Turnkey Online ESL: CultureWorks, a Canadian EAP pathway provider for international students, released a new video describing their “U First” online platform. Colleges and universities can also deploy a “white-label” version under their own brand, if they want a turnkey solution right away.
Advertiser Beware: It’s still debatable whether marketers can stop “holding our breath.” A recent survey by Corus found that 18% of Canadians want brands to stop all advertising during the pandemic, and 37% think any advertising still done should focus on how brands are helping during the crisis. CORUS reports a 25% bump in the net positive brand impression of QSR spots with special COVID messages.
Community Hubs: So institutions sharing positive stories about volunteerism and community engagement are on the right track, it would seem. I’ve mentioned previously the blog at Laurier, Sheridan’s curated social media posts, and Carleton’s “Hub for Good,” focused on inspirational stories of kindness and compassion.
We’re also seeing initiatives to connect with employees, and try to overcome WFH isolation. VIU has a Facebook group for employees, “Keeping Connected VIU,” and UoGuelph a “Gryphon Family” portal for staff and student supports. Now there are two more:
Laurier has launched a Community Hub to share resources on education, staying fit at home, online music performances, virtual events, and other PD, as well as stories about how the community is pulling together.
uVic has launched a microsite they call “The Great Indoors” to provide wellness and upbeat content to the community at home. Some catchy posts include the “uVic Bounce Project,” “Digital Recess,” and “Buckets of Sunshine” – like Vikes Soccer players practicing individually at home.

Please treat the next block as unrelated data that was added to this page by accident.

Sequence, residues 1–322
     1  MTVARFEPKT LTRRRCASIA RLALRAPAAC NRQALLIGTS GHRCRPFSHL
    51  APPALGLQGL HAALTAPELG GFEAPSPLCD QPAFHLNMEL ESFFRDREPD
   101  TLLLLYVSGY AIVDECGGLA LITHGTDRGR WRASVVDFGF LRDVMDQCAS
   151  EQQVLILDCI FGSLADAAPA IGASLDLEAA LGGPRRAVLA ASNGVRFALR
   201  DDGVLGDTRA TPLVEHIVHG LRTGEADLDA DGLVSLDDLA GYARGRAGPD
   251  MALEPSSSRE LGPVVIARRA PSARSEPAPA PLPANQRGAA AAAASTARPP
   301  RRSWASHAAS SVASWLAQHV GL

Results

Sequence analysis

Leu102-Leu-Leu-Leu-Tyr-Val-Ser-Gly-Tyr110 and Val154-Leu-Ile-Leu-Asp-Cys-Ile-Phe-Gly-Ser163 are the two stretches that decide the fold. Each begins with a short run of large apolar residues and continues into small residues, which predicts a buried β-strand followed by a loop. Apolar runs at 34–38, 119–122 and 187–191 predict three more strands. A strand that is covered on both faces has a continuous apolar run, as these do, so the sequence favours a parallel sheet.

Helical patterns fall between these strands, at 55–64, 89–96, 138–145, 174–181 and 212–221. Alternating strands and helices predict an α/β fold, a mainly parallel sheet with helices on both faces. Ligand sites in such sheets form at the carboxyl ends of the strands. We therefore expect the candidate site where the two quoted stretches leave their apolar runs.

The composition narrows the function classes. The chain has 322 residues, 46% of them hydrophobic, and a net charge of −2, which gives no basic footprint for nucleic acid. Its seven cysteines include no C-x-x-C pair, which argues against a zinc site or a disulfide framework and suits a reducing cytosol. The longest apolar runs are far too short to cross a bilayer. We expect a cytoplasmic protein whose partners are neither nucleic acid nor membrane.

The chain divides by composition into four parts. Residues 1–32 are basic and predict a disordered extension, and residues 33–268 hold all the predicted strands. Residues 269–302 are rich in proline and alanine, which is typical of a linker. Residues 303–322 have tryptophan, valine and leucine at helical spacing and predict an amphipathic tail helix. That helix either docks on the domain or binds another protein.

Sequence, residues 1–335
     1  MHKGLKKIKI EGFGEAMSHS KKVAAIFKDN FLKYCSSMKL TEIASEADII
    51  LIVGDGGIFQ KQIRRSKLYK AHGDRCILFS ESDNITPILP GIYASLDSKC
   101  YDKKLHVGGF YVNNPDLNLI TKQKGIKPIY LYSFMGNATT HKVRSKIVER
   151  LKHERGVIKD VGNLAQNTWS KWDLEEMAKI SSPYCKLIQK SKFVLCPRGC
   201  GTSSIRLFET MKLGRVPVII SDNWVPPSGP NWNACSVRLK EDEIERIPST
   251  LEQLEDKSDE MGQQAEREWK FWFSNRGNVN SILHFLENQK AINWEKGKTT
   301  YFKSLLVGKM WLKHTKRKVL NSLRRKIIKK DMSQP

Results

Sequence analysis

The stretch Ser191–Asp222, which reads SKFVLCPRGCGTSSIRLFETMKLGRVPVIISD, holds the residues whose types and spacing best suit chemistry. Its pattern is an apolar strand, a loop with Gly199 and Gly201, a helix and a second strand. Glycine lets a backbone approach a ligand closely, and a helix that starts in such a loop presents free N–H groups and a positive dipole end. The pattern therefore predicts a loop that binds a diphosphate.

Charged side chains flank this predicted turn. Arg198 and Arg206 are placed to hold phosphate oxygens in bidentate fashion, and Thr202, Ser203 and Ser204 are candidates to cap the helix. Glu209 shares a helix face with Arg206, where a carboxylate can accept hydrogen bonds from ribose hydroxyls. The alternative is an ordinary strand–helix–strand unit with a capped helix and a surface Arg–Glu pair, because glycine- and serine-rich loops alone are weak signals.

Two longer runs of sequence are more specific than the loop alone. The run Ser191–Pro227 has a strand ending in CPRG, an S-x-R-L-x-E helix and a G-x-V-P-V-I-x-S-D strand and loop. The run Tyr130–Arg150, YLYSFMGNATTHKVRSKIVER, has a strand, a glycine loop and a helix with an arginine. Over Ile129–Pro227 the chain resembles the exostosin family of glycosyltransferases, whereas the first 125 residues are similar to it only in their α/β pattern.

Let me know if I’ve missed other good examples!
Over the Easter weekend, Canada reached 24,000 cases of COVID-19, half of them in Quebec.
BCIT announced the postponement of June convocation, to be replaced with a virtual celebration. (We’re now at 89% of the institutions I’m watching.)
Conestoga finally announced that its Spring semester will be offered by remote delivery. (Now 84%.)
New student emergency support funds were announced at CBU, Acadia, BCIT, Queen’s, and Ontario Tech, among others. (Now 54%.)
On Friday night, Concordia U (Montréal) discovered security issues with its online proctoring tool, COLE, and announced on Saturday that it will not be using COLE for exams this week as originally planned.
uAlberta has launched a “new News website to highlight the stories of our community’s efforts to handle COVID-19.”
Concordia has launched a new microsite, “CU at Home,” to help its entire community cope with “many facets of life in the time of COVID-19.” Regular contributions will include stories about research and community engagement, virtual workshops and fitness sessions, and webinars on leadership, mindfulness and wellness.